This post is part of a series of stories from my 2018 trip to Iceland.
Click here for all posts.

When Jenni and I started planning this trip, we had a wish list with a very clear #1 priority. Puffins. Jenni traveled to Norway a few years ago and never saw one, and as she booked the trip to Iceland and I joined her soon after — she was focused. Puffins or bust.

Multiple places to see them, yes. But there is only one place that claims the largest puffin colony on the planet.

See that tiny chain of islands?

That would be the Vestmannaeyjar archipelago — or Westman Islands. And THAT is where the puffins live. 8 million of them.

The largest of the islands is called Heimaey, and that’s where we were headed. Evidently, if you wanna find puffins – you gotta work for it.

Let’s back up. Puffins? They are small, arctic birds that spend the winter at sea and come home to the cliffs of Iceland to lay eggs in the spring. Beak like a toucan, body like a penguin, webbed feet of a duck, wings like a hummingbird — and awkwardness all their own. They are often called the Clown of the Sea because of their dramatic eyes and bright beaks. In order to carry their chubby little bodies, their tiny wings have to work overtime — flapping about 400 times a minute. It’s a blur! They’re only about 10″ tall, they can fly up to 50 mph, and dive as deep as 200 feet. And they are downright adorable.

Have you seen the video of Kristen Bell’s reaction to a sloth in her house? That is only one step further than how Jenni feels about puffins… She sent me this photo from baggage claim in the Keflavík Airport. She’d been in Iceland for mere minutes, and I was waiting for her across the airport.

So we HAD TO see them. And we felt good about our plans. After driving south along Route 1 the day before, we started seeing signs we were headed in the right direction. This little guy was at the turn toward the harbor where we would catch our ferry to the Westman Islands.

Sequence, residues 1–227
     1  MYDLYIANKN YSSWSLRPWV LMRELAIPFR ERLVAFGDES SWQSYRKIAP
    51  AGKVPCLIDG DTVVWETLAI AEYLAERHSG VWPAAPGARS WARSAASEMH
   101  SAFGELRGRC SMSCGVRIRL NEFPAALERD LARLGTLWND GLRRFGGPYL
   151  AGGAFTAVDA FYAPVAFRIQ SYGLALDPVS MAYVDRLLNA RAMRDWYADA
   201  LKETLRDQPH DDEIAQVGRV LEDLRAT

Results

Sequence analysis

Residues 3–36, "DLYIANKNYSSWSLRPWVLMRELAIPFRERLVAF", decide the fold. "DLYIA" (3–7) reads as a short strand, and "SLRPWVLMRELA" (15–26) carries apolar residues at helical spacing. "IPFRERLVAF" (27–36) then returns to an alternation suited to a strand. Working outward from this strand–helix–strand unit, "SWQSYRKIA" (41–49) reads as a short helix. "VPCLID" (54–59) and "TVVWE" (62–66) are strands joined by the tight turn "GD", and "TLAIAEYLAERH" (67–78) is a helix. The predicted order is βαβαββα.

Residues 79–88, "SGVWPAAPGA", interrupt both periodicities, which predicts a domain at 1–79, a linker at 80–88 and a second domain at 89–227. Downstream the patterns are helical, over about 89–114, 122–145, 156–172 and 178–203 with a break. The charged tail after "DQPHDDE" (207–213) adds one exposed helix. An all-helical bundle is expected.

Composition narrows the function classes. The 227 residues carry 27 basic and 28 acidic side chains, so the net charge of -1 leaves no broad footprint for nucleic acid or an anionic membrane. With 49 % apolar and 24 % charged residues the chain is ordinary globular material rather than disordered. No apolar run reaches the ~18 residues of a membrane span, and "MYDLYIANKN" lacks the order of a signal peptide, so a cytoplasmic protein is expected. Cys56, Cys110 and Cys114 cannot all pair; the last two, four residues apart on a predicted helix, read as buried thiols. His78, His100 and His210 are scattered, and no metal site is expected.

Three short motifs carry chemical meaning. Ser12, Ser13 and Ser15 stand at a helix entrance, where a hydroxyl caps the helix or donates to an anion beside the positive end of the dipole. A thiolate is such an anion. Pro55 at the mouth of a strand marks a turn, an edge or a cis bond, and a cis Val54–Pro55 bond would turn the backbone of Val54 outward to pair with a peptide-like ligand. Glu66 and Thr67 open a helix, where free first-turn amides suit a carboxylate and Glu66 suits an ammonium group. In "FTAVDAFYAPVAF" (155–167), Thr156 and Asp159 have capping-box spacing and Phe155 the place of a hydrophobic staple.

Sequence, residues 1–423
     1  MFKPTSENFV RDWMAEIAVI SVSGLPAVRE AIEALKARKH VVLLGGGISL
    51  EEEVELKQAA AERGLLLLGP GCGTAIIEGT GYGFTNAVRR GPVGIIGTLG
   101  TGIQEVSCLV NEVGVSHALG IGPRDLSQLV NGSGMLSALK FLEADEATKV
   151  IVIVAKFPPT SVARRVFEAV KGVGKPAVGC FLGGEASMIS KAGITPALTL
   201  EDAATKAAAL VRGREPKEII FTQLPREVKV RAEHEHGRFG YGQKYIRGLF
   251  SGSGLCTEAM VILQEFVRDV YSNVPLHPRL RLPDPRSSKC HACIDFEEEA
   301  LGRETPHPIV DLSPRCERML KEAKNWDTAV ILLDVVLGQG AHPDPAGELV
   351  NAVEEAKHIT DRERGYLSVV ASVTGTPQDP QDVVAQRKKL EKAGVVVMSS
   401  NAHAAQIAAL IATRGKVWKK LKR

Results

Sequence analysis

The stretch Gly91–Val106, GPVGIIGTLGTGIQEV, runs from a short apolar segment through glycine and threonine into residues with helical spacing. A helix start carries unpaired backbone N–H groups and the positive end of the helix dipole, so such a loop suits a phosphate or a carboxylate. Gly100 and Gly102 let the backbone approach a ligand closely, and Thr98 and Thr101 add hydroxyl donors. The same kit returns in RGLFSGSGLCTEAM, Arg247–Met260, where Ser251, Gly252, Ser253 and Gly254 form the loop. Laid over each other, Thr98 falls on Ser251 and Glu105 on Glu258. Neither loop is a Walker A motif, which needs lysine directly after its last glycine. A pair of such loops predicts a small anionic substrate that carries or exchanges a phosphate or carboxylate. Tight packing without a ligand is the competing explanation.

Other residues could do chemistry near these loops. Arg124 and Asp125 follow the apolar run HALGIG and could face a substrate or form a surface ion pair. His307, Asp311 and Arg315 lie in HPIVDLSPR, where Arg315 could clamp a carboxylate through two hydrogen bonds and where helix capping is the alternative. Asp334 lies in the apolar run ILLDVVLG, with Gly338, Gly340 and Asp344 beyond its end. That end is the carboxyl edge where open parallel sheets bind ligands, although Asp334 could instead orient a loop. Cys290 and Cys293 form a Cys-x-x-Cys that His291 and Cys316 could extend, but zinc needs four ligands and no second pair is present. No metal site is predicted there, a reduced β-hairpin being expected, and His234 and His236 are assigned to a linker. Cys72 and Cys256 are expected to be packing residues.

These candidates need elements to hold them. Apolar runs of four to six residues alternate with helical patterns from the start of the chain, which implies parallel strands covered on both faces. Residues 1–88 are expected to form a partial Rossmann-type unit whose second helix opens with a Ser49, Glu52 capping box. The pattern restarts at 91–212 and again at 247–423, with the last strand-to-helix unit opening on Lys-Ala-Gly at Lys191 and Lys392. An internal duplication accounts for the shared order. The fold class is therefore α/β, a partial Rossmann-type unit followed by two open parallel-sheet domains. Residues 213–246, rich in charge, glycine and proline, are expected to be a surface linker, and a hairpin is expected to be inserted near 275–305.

Boarding passes to what Jenni was by this time calling “Puffin Island”

View from the ferry
Arriving on Heimaey about 8:30 in the evening

One of the lessons we learned the hard way that week was that just because the sun never sets doesn’t mean businesses stay open — including restaurants for hungry travelers. We landed in Heimaey after 8pm and by the time we tracked down someone to check us in (after hours) to our backpacker hostel, we were running outta time to find food that night. We finally found a burger place that was still open for a few minutes and looked pitiful enough that they fed us.

Lobster burger at 900 Grillhus

I’m pretty sure Jenni was anticipating puffins crowding the streets of Heimaey like pigeons, but we only saw hints of them around town as we wandered back to our hostel after dinner. No puffin-sightings that night.

Even the hostel was on board with the theme. They offered Japanese-style pods they called “Puffin Nest Capsules” — I’m rolling my eyes even now — but they were a cozy (and dark!) place to settle in for the night.

We’d read that puffins are active on the cliffs in the morning — so we were up bright and early to head out. We were already on a tiny island off the southern coast of Iceland. Now we needed to get ourselves three miles further south — to the southernmost tip of Iceland. One overpriced taxi ride later, Jenni could hardly contain herself…

The southernmost tip of Heimaey

It felt like we were at the edge of the world.

Beyond that gate, around the sheep, and down a dirt path was a small bird blind, built into the hill. We stepped inside and tore open the windows.

And I think it was all of 4 seconds before Jenni yelped, “PUFFINS!!”

Jenni, we found puffins.